From a furry friend in Peru, to more writing workshops in Teesside!

Hello Everyone,

Phew! I’m back, made it!  Survived the Inca Trail: four days, three nights (yes, I had to camp!), 45 km, 4200 m above sea level (oh, the air’s thin up there!) and very little of the hiking was on a nice smooth flat surface (think Roseberry Topping x 1000 and you’ll be somewhere close).  But it was exhilarating to have done it and, as you will see from the photo, I made a new friend too.

So now it’s back to reality and, more importantly, back to writing.  Over the next few weeks I’ll be running the workshops at Saltburn, Darlington, Hartlepool and Norton so if you haven’t already booked on them and are hoping to attend please ring the relevant library to secure a place on the workshop(s) of your choice.  Don’t forget that you can attend any session, you don’t have to go to your local one and you can attend different sessions in different places if that suits your best.  Just a quick reminder that session one is on character and plot, session two covers narrative structure and perspective while session three explores writing descriptions and dialogue plus some tips on editing your writing.

I’m sure that many of you are already well underway with your competition entries so feel free to use them as the basis for the activities we will be doing in the workshops.  However, if you are still looking for inspiration then hopefully the workshops will help you generate some ideas.  And of course you can (and should) make the most of any nice weather to get out and about in the Tees Valley to draw inspiration from the places that might well feature in your stories.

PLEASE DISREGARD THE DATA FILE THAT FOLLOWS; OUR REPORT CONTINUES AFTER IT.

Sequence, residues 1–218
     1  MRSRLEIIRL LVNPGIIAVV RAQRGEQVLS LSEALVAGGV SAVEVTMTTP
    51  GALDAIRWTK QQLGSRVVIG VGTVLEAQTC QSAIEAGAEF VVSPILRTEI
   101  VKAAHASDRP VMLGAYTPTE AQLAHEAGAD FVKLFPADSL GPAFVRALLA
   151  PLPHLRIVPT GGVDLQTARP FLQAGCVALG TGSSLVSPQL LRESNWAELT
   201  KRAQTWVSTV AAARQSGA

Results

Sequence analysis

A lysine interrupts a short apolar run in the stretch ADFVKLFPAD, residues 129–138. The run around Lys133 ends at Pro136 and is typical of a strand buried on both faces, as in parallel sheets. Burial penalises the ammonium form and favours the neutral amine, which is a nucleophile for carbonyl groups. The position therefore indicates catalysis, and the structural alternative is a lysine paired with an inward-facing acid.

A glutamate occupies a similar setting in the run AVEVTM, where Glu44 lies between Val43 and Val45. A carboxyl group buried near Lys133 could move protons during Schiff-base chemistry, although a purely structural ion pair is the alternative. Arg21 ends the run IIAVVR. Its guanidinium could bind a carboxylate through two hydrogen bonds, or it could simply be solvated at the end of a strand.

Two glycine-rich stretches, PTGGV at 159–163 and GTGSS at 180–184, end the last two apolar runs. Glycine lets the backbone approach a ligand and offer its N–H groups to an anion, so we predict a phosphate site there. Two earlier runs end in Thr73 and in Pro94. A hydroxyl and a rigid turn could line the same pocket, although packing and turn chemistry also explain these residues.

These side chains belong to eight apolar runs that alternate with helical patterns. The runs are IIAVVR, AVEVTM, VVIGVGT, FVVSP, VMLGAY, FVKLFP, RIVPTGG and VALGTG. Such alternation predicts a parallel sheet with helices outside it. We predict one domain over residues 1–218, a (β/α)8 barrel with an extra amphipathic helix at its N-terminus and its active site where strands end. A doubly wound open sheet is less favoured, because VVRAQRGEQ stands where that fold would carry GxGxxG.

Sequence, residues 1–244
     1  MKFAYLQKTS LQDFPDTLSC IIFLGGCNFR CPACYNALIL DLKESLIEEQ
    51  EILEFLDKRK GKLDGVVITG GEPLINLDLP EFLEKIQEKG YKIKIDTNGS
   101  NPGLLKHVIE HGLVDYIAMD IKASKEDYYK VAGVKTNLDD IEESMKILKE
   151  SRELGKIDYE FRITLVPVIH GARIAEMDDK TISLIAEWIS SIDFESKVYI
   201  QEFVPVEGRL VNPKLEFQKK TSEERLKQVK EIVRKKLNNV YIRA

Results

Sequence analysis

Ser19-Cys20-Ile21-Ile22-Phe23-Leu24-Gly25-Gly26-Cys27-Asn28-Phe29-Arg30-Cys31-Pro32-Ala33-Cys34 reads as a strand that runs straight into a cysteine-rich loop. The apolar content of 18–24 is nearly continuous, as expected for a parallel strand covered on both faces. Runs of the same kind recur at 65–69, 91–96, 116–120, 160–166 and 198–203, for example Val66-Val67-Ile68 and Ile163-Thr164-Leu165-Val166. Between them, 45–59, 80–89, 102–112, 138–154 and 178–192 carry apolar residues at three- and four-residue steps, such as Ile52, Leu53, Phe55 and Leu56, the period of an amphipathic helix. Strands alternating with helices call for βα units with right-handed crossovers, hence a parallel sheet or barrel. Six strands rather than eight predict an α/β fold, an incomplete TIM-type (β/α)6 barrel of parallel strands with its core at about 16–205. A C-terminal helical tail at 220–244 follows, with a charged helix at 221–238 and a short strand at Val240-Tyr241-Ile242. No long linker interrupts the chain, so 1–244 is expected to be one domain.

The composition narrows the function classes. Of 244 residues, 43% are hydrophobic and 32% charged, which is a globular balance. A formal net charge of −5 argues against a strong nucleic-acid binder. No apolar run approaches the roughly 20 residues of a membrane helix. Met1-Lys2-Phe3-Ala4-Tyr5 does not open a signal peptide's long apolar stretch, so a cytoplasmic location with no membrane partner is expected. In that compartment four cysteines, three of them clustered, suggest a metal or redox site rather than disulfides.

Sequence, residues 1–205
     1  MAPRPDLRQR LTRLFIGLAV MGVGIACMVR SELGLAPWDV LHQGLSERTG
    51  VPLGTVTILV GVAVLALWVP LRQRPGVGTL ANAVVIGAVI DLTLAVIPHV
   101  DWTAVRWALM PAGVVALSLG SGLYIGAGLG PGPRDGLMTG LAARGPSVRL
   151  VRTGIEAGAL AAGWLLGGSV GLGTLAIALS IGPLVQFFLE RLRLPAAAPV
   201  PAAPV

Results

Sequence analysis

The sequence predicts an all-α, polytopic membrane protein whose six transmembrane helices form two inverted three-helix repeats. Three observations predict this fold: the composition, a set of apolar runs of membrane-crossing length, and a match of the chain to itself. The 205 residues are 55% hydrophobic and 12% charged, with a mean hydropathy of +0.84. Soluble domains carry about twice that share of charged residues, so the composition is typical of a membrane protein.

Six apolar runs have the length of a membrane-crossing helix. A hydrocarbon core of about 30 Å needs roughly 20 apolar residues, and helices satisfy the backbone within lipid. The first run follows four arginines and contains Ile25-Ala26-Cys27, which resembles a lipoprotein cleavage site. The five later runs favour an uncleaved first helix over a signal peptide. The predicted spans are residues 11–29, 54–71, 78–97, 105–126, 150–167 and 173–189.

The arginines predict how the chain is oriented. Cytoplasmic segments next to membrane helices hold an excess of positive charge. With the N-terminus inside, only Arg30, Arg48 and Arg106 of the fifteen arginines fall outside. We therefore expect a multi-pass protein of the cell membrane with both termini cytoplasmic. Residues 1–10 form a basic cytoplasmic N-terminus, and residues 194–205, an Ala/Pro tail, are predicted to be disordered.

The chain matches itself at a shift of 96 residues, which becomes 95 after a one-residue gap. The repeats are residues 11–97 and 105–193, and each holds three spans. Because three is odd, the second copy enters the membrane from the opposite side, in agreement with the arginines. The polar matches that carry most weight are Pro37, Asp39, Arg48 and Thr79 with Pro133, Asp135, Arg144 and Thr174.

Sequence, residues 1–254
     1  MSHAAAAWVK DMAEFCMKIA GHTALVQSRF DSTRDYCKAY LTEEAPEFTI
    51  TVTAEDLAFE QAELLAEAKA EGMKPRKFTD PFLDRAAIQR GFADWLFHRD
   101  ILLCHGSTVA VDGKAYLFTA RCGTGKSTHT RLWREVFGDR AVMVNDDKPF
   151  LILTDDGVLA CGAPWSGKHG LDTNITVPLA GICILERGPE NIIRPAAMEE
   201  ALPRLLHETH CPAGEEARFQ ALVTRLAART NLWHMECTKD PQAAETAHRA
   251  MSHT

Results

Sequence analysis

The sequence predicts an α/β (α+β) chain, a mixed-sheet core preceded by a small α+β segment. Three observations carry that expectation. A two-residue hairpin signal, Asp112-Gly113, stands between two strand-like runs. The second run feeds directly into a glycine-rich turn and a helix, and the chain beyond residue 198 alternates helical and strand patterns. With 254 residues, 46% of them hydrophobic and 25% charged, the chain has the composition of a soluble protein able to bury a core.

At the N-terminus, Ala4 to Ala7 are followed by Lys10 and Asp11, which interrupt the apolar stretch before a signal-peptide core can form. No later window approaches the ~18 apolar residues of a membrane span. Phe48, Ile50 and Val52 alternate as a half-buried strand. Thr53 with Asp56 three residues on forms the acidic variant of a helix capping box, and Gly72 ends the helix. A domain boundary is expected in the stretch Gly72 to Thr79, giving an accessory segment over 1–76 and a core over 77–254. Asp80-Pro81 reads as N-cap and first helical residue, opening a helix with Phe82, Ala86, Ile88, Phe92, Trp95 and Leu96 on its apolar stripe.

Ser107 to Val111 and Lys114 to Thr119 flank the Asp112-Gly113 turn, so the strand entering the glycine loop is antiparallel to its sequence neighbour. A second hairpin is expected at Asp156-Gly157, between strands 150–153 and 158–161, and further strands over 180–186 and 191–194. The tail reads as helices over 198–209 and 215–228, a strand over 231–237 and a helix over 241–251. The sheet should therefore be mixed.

And with that advice in mind here is this blog’s writing activity – slightly different to the usual prompt but I hope it will get those imaginations whirring away!

Step 1 – go somewhere (in the Tees Valley) that either you’ve never been to before or haven’t been to for at least 10 years.

Step 2 – find a spot to station yourself (street corner, park bench etc.)

Step 3 – note down: 2 buildings/natural structures nearby, 5 people who pass you, 1 animal you see, the weather, any smells you detect, 2 forms or transport and 1 other random thing

Step 4 – return home and use your notes to create a narrative.  You can tell the story of one the people you observed, or maybe the animal, or one of the forms of transport (the passenger/driver maybe) or even of the building (e.g. what is happening in there that you couldn’t see?)  Use the other notes to vividly recreate the scene and generate some tension and conflict in the narrative.

Enjoy!

More soon,

Tracey 

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